• @NikeDattani Thanks, I have split the question into two and linked each other. Apr 12 '21 at 9:08

"This works for organic molecules, but what happens when the excited states are closer in energy to the ground state, for example in open-shell molecules or in atoms?"

If there's excited states close to the ground state, the approximation you said Gaussian uses, where excited state contributions are neglected, seems not to be such a great idea anymore. You would now want to include the close-lying excited states. There's plenty of methods that will give you excited state energies, for example EOM-CC and STEOM-CC.

"This is where everything becomes confusing to me. If I understand correctly, when the first or higher excited states are closer in energy to the ground state, the Hartree-Fock single determinant solution is not good enough."

When it comes to calculating energies, a single HF determinant is not good enough, even when the first excited state is far away from the ground state. This is because of the correlation energy missed by using HF alone.

"We use multi-configurational methods (such as CASSCF) where we generate excited determinants and consider the molecule's electronic state as a superposition of the different determinants (weighted by their energies?)."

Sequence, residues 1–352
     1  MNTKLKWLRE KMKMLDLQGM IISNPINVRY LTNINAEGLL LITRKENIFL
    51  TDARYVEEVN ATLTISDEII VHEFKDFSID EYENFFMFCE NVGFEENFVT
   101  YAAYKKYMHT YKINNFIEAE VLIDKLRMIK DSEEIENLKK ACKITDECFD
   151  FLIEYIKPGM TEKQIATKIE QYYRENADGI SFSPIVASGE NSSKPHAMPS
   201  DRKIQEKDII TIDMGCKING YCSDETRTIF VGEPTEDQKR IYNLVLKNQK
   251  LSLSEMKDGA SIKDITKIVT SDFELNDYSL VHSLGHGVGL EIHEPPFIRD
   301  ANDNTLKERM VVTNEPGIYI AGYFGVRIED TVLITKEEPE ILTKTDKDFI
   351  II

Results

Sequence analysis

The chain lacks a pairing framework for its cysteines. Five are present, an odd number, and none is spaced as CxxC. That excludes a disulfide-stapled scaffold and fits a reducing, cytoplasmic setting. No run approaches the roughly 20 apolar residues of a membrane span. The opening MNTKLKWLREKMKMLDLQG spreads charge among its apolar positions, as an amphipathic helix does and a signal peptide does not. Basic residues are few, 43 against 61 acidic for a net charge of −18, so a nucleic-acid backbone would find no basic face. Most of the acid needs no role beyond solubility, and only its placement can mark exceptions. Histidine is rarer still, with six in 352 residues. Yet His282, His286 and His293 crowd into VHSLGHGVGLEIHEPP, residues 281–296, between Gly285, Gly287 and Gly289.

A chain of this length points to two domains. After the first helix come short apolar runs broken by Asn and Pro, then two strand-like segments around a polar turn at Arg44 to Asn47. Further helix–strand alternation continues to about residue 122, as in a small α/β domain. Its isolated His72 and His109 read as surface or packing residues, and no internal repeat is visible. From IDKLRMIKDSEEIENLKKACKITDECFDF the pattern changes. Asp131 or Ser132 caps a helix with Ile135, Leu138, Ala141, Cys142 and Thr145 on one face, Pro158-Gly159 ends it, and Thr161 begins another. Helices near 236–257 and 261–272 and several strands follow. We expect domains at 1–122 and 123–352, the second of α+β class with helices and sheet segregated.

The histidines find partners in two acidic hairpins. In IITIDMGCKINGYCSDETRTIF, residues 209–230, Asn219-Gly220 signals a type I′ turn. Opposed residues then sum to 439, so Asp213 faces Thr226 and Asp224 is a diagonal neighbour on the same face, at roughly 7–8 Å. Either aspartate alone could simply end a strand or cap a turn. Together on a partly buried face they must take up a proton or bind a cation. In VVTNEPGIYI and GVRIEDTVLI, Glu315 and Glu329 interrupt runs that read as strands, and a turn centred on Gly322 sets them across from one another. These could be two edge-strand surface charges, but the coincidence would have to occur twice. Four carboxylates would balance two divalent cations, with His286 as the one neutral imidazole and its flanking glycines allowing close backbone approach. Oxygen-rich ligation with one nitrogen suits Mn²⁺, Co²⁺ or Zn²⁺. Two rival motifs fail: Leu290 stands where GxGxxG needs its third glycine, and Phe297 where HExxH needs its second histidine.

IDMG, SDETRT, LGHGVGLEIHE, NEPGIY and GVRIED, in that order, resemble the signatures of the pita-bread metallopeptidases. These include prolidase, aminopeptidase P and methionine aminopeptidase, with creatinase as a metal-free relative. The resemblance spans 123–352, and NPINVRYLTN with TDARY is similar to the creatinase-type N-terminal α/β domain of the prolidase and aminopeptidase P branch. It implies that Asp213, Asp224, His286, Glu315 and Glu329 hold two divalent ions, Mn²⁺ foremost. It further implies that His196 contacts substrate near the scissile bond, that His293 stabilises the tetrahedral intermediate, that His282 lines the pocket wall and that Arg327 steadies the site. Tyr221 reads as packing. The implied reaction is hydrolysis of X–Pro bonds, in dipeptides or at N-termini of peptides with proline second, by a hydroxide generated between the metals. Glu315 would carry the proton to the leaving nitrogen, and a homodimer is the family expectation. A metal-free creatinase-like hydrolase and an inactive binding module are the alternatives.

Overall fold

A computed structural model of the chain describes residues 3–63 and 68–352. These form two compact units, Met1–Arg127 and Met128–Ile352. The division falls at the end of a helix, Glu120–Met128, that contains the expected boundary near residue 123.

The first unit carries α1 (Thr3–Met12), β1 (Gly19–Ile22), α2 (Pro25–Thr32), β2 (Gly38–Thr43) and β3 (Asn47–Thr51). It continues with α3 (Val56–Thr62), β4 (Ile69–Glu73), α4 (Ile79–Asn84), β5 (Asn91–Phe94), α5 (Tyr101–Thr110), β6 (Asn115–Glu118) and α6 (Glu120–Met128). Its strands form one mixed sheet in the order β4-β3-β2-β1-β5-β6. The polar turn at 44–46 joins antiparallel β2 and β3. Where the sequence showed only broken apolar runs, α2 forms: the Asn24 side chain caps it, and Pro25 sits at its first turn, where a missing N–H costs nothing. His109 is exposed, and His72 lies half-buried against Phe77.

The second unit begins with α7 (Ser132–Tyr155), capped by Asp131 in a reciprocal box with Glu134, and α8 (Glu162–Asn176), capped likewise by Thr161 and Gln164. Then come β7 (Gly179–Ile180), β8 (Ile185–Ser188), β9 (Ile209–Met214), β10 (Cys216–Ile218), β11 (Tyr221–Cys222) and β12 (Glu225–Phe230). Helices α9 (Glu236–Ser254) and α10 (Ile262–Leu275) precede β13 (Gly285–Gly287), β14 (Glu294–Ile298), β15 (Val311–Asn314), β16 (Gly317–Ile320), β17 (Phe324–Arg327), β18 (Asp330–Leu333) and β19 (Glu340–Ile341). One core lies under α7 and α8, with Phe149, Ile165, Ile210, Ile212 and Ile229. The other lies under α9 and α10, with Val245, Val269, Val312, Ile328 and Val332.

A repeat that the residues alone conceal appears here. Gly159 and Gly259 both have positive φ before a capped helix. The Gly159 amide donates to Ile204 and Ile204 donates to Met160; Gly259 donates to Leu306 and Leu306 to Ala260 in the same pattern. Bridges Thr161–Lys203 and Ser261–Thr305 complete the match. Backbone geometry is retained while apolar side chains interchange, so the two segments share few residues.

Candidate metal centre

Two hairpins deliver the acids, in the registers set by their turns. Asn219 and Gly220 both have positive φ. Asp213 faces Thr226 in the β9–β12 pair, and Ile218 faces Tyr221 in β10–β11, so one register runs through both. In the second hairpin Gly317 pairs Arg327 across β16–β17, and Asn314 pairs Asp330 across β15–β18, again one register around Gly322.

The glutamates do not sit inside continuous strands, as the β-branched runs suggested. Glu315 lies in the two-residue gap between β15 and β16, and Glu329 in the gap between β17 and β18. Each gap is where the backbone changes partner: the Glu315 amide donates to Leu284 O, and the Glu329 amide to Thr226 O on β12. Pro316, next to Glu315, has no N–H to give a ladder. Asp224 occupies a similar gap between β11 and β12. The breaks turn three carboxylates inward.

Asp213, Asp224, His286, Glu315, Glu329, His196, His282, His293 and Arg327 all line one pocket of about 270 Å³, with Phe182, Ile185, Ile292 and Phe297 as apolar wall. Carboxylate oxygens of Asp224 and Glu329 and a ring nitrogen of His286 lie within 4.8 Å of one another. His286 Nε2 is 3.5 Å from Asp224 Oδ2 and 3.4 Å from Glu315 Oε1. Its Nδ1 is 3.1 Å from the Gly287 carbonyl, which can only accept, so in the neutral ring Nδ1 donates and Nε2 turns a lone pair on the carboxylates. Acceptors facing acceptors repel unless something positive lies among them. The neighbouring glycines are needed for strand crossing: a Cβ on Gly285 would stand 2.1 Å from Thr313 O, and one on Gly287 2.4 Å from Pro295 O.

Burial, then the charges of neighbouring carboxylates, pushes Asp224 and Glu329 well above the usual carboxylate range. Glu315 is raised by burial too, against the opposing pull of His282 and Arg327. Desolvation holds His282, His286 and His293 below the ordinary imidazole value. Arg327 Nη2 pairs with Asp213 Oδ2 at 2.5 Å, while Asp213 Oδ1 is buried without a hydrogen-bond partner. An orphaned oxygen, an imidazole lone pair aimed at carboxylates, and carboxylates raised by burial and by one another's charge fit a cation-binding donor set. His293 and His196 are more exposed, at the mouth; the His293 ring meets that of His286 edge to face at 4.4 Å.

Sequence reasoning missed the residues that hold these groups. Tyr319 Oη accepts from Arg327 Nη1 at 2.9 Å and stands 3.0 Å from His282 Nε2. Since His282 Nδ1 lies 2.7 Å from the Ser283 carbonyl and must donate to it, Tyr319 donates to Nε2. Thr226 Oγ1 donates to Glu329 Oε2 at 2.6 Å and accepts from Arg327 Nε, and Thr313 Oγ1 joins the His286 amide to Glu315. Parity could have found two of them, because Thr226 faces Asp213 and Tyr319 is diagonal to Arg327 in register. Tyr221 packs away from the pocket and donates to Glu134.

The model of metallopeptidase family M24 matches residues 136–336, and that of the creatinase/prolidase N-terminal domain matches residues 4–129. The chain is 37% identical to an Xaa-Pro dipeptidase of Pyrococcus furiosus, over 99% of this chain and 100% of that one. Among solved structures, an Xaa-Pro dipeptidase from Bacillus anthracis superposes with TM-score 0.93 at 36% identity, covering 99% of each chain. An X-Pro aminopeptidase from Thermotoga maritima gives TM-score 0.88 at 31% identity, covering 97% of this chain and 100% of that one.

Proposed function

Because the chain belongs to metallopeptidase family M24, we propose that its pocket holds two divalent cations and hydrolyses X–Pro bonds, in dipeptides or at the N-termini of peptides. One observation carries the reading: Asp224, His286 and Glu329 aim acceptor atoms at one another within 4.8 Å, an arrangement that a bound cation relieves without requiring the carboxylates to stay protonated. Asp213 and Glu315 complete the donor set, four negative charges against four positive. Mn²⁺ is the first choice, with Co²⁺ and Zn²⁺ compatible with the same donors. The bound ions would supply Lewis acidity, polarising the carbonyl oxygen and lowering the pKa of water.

It's true that CASSCF is an example of a multi-configurational method, and that the molecular state after a CASSCF calculation will be a superposition of various determinants, but they are not weighted by their energies, they are weighted by coefficients that are optimized by the variational principal.

There's more than one component of a CASSCF calculation, there's the CAS-CI (CAS-configuration-interaction) calculation where you calculate FCI (full configuration interaction) within an active space (for example all possible excitations from the HF determinant, involving $$n$$ electrons and $$m$$ orbitals); then you do an SCF iteration where you rotate the orbitals to get an even lower energy, then you do another CAS-CI calculation with the rotated orbitals, then you rotate the orbitals again and so on, until you get convergence to your desired precision.

"So this means the solution itself contains contributions from the low-lying excited states."

To get the ground state energy as accurately as possible from a variational calculation, you'll want your wavefunction ansatz to be as flexible as possible, which means including as many determinants as possible if you're modeling it as a linear combination of Slater determinants. Therefore, accurate ground state energies calculated this way, will use a "model" for the wavefunction which certainly contain more than one determinant.